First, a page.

The term situla refers to a bucket-like vessel. They were used across multiple cultures, from small Egyptian examples to larger Greek terracotta vessels. A delicate piece such as this was used most likely as an offering vessel within a temple.
The offering scene was an important factor in Egyptian ritual. Scenes offering a standard list of items, including bread, ox, alabaster, beer, fowl and linen, would line the tombs of the deceased. Visual representations of large animal legs, placed on an offering table, accompanied rows of hieroglyphs detailing the offering formula. This is known as the ‘htp-di-nsw’ formula, also the first line of the hieroglyphic text, and translates as ‘an offering which the king gives’. From the Middle Kingdom this phrase became treated as a fixed expression, relating solely to an offering formula.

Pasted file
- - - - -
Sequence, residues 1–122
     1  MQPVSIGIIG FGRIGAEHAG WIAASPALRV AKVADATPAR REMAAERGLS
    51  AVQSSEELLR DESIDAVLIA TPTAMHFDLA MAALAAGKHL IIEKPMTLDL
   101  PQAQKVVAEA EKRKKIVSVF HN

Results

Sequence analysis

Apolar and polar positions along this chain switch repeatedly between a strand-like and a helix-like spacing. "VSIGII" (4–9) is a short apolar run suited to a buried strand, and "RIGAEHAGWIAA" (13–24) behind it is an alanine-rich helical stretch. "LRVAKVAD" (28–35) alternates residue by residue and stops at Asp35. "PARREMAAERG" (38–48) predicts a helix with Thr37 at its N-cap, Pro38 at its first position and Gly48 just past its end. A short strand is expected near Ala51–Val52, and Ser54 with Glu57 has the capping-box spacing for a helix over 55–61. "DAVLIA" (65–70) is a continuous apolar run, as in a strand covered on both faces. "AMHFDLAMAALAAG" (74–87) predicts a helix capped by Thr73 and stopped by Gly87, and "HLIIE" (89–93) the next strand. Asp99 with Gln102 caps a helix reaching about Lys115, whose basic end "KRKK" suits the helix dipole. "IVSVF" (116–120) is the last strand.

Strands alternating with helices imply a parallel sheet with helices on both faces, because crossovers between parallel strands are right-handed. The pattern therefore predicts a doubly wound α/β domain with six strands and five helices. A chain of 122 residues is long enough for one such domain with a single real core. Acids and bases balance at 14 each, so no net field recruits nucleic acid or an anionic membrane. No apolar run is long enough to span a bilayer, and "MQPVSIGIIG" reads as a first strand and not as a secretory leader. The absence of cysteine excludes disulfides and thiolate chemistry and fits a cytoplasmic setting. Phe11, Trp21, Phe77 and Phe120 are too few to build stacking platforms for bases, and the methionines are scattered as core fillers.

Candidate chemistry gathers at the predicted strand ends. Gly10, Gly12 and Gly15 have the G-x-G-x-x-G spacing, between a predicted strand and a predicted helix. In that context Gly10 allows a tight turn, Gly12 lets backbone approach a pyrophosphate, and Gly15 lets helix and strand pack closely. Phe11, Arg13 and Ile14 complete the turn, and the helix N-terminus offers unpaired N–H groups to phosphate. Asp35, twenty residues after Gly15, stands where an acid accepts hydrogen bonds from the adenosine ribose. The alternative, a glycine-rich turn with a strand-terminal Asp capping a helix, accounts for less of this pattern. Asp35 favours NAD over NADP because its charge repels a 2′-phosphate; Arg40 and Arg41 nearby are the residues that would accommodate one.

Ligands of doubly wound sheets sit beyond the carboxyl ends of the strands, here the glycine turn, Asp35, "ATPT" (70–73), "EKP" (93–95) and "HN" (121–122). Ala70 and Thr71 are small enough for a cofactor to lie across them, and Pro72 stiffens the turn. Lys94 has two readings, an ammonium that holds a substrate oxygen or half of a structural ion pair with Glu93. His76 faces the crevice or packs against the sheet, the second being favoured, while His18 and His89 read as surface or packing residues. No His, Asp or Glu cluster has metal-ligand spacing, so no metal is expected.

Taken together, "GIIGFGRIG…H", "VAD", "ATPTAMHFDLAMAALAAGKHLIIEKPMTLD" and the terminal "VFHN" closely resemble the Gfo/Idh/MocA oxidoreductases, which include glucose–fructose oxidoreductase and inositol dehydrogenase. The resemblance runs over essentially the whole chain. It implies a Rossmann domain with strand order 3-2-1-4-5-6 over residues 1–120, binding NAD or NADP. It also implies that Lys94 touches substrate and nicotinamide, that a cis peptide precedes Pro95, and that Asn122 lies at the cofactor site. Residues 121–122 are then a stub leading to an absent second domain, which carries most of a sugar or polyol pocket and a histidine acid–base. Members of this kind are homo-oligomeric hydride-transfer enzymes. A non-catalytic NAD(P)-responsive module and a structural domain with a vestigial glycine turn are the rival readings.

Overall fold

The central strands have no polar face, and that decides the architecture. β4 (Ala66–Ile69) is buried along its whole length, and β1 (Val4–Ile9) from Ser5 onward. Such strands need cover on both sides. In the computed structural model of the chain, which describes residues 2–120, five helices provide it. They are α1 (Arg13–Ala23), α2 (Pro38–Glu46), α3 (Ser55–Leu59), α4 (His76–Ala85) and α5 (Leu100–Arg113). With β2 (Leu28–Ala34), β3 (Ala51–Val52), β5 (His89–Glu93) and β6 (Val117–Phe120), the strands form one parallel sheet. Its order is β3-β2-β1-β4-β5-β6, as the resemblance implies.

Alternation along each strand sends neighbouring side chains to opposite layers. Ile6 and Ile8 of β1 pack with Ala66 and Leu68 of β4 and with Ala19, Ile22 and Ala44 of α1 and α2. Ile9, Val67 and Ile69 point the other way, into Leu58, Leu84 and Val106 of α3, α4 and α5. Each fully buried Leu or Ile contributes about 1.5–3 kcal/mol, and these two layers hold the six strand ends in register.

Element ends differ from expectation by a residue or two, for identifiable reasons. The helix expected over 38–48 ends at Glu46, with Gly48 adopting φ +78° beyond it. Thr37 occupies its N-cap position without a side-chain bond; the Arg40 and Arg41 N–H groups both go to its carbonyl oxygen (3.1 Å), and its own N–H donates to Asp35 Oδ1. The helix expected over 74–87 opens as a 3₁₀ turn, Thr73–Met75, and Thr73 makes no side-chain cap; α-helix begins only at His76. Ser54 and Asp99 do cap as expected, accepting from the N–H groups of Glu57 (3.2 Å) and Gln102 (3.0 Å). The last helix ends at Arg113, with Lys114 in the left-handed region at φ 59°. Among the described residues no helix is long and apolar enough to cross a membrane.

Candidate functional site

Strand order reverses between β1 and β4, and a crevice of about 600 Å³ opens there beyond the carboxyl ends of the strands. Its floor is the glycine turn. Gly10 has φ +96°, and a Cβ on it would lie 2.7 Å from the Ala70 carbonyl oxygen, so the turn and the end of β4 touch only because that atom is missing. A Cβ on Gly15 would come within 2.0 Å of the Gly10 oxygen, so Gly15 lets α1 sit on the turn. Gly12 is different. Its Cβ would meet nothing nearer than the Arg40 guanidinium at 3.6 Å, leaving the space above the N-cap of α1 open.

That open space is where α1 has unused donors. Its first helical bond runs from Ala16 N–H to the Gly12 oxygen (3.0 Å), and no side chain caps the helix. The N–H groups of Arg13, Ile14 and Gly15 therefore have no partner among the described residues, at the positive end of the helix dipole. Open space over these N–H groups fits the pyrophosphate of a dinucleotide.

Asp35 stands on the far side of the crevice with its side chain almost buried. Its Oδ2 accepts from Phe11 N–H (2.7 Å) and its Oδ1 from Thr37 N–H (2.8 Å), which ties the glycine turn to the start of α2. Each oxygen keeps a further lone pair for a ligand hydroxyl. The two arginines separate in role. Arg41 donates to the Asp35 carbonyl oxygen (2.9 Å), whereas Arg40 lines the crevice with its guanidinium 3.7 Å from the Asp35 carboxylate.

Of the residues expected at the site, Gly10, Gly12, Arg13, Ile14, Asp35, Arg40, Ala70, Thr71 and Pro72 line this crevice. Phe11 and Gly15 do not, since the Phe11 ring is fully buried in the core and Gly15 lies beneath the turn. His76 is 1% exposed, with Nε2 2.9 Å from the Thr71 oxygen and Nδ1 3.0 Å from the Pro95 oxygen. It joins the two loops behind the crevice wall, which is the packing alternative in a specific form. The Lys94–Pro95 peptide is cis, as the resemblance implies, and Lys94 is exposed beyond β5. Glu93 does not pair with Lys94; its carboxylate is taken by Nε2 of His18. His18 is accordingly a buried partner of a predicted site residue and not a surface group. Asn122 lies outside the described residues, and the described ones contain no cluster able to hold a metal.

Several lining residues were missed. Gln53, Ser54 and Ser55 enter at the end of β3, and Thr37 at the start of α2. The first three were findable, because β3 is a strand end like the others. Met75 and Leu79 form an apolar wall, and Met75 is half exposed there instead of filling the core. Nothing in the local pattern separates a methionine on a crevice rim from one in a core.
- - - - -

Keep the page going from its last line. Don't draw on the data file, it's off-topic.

The gods portrayed here, Horus and Osiris, were extremely important amongst the Egyptian pantheon. Osiris was closely related to the deceased and came to symbolise the pharaoh in death. Horus, similarly, came to be associated with the pharaoh in life.